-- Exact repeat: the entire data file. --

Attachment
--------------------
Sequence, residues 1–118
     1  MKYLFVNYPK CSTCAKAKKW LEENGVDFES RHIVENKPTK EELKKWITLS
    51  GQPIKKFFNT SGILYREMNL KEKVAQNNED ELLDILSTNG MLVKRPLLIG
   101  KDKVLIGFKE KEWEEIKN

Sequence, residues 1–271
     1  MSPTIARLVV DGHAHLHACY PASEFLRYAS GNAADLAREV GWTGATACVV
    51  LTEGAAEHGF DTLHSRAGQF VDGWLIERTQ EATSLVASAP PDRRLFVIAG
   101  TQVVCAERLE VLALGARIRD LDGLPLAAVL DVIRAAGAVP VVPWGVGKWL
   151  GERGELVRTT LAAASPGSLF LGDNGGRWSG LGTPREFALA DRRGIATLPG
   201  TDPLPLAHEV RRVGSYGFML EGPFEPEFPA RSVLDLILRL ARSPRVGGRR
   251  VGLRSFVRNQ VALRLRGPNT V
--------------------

Sequence, residues 1–118
     1  MKYLFVNYPK CSTCAKAKKW LEENGVDFES RHIVENKPTK EELKKWITLS
    51  GQPIKKFFNT SGILYREMNL KEKVAQNNED ELLDILSTNG MLVKRPLLIG
   101  KDKVLIGFKE KEWEEIKN

Sequence, residues 1–271
     1  MSPTIARLVV DGHAHLHACY PASEFLRYAS GNAADLAREV GWTGATACVV
    51  LTEGAAEHGF DTLHSRAGQF VDGWLIERTQ EATSLVASAP PDRRLFVIAG
   101  TQVVCAERLE VLALGARIRD LDGLPLAAVL DVIRAAGAVP VVPWGVGKWL
   151  GERGELVRTT LAAASPGSLF LGDNGGRWSG LGTPREFALA DRRGIATLPG
   201  TDPLPLAHEV RRVGSYGFML EGPFEPEFPA RSVLDLILRL ARSPRVGGRR
   251  VGLRSFVRNQ VALRLRGPNT V